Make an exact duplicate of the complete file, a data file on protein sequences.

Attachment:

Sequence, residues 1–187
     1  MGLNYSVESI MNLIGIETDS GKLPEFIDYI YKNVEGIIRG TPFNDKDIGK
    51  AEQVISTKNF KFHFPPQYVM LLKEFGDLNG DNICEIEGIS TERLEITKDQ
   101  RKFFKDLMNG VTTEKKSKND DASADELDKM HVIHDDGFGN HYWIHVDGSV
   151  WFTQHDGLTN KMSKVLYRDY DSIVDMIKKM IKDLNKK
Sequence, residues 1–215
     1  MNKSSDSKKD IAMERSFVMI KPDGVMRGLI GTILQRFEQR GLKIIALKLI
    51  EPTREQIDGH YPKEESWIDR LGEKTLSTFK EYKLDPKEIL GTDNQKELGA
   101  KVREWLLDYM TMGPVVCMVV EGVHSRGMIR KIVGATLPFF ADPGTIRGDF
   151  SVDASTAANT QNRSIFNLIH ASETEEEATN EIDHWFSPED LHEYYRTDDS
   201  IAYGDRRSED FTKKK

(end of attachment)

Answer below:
Sequence, residues 1–187
     1  MGLNYSVESI MNLIGIETDS GKLPEFIDYI YKNVEGIIRG TPFNDKDIGK
    51  AEQVISTKNF KFHFPPQYVM LLKEFGDLNG DNICEIEGIS TERLEITKDQ
   101  RKFFKDLMNG VTTEKKSKND DASADELDKM HVIHDDGFGN HYWIHVDGSV
   151  WFTQHDGLTN KMSKVLYRDY DSIVDMIKKM IKDLNKK
Sequence, residues 1–215
     1  MNKSSDSKKD IAMERSFVMI KPDGVMRGLI GTILQRFEQR GLKIIALKLI
    51  EPTREQIDGH YPKEESWIDR LGEKTLSTFK EYKLDPKEIL GTDNQKELGA
   101  KVREWLLDYM TMGPVVCMVV EGVHSRGMIR KIVGATLPFF ADPGTIRGDF
   151  SVDASTAANT QNRSIFNLIH ASETEEEATN EIDHWFSPED LHEYYRTDDS
   201  IAYGDRRSED FTKKK